"She is smart," the first one replies, "It even took Jack longer to catch on."

The second nods, but adds quickly, "True, but you were trying to keep him from finding out." Even that little bit of mirth fades away from her, though, and you start to wonder why they are here.

Within the hour you know their names. Katya is the one with the pixie cut and the long coat. Elena, is as you had surmised, the oldest of the three sisters. You had also learned why they were there. It makes you want to reconsider your stance on things left unsaid; perhaps they aren't so bad after all.

Their news makes you cry. It wasn't the response that you had expected yourself to have, if you were ever faced with the situation. Still you suppose that some things, like love for a mother, are almost hardwired.

Time is important, of course, but some things like this must take the time to be told. So they take the time to tell you, showing you your mother's life through their eyes. They start with her return to the Soviet Union, or at least her return to their home and then they go through the next several decades. They tell you everything, without censoring the truth or trying to spare you from the less pleasant details. You appreciate that fact, especially after all of the years of receiving fragmented truths and lies of omission that have always came back to bite you in the ass when you were least expecting it.

The last thing that they tell you about, of course, is your missing two years. Elena takes over from Katya to tell that portion of the story. She makes it sound so alive, as if they were right there with you as she talks about your mother and father. She tells you about how it was Jack who approached Irina the day after your funeral. She leaves out nothing about the unholy vengeance that they had wreaked on anyone who was connected with what had happened to you or the way that they had finally broke in London. It was then that they discovered that there was a chance that you were still alive. It had given them hope, Elena said, and that had changed everything between them. That hope was what they needed to unlock the emotions that had been hidden beneath their pain and rage.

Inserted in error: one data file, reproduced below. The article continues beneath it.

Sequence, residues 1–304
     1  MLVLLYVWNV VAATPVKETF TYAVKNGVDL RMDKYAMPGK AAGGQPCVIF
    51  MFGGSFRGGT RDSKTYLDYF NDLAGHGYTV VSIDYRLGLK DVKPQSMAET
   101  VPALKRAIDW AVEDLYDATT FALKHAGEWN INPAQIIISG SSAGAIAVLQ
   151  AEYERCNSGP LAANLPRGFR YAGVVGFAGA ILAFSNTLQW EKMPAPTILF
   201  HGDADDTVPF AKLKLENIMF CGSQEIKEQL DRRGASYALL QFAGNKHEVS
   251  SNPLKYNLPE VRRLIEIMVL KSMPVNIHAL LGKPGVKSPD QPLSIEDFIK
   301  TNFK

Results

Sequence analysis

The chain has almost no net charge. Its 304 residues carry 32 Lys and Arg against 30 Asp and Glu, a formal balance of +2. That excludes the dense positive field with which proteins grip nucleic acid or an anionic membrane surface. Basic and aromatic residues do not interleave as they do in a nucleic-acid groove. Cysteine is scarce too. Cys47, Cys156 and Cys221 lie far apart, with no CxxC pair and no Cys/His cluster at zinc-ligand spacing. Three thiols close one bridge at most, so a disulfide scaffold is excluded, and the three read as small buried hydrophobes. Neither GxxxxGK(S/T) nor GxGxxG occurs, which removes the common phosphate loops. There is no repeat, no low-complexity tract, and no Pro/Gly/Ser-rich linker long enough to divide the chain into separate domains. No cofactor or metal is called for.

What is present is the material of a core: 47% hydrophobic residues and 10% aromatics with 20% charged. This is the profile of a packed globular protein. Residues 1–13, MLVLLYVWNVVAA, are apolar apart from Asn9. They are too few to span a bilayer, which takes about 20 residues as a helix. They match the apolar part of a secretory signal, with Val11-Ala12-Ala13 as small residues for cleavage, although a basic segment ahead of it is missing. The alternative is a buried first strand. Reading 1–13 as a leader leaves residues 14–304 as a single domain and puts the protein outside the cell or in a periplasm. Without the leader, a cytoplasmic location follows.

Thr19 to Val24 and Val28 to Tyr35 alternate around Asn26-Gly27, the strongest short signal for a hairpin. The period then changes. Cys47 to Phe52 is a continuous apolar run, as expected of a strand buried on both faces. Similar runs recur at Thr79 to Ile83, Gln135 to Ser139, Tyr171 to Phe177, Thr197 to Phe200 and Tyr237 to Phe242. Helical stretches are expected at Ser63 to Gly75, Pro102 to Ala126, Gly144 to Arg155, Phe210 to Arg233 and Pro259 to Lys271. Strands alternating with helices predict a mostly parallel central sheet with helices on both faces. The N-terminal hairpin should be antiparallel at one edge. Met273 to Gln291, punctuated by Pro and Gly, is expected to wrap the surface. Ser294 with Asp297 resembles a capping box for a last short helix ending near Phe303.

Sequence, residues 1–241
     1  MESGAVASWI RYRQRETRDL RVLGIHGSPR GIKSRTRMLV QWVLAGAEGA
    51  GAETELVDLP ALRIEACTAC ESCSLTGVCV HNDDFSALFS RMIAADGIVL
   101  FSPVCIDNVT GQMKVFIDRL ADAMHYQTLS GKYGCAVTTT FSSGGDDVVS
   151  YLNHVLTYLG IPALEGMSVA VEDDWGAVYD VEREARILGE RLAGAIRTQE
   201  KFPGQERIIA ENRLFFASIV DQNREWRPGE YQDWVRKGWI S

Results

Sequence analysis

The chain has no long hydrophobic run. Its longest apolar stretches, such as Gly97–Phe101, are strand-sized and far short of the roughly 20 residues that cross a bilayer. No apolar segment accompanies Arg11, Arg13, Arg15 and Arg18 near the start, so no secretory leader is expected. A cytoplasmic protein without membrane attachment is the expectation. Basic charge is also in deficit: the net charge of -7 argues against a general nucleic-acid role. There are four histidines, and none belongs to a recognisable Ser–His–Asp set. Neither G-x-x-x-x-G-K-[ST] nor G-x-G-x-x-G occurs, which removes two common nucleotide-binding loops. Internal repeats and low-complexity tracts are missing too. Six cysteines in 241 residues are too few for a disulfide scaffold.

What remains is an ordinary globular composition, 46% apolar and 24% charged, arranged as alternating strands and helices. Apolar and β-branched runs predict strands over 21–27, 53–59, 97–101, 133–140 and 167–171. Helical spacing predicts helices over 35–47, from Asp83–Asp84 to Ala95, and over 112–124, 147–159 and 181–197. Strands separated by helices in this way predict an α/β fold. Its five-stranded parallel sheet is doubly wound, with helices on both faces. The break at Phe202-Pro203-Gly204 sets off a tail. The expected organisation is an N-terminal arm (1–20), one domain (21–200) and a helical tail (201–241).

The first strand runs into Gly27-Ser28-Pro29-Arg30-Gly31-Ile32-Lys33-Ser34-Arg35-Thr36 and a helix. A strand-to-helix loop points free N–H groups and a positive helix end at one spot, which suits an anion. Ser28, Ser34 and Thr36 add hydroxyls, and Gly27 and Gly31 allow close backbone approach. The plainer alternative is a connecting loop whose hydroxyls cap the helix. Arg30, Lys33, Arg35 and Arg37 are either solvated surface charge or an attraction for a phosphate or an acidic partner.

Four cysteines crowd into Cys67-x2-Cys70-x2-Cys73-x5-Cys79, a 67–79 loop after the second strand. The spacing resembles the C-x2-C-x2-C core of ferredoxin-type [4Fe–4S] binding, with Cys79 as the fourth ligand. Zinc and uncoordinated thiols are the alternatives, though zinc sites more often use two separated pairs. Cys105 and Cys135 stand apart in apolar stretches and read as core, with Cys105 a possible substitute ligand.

Katya interrupts her sister here to say that the next three months that your parents had spent together were the happiest that she had ever seen Irina. She states it boldly. It is no maudlin statement. It simply [b]is[/b]. For good and bad, dark and light, torture and redemption, lies and truth it is. They were in love with no reservations.

Elena tells the next part as well, this time with an air of responsibility. Jack's time in solitary had not slowed Irina down. She had worked just as hard to find you as she had before. She had no doubts about what he would have wanted her to do, and giving up was not it. Eventually you were found, but your mother was still hard at work, Elena says, this time to protect you and now that he was free, to see Jack again. She was so close.

Katya takes over for Elena and despite the anger in her voice there is a note of pride in her voice for her little sister. All of Irina's attackers- and there were well over a dozen- died. Irina died struggling to live, now that everything that she had wanted, her family, was almost in her grasp.

You realize that now there will be things forever left unsaid to your mother. Things like thank you, I love you, Mom, and I'm sorry, that would have brought happiness rather than pain. You make a vow then that takes even your aunts by surprise, as you realize what is lost, this time, forever. You vow to leave nothing unsaid now. You will tell the whole world what you left unsaid to her. One action is worth a thousand words and your actions will be many as you deal with those who killed your mother. This time pain, their pain will come from what you will speak and acknowledge rather than things that have been left unsaid. It is the last gift that you can give her. The world will know that her daughter loved Irina Derevko.

It is all that can be said.

Please leave push that little review button and leave me some feedback on this story.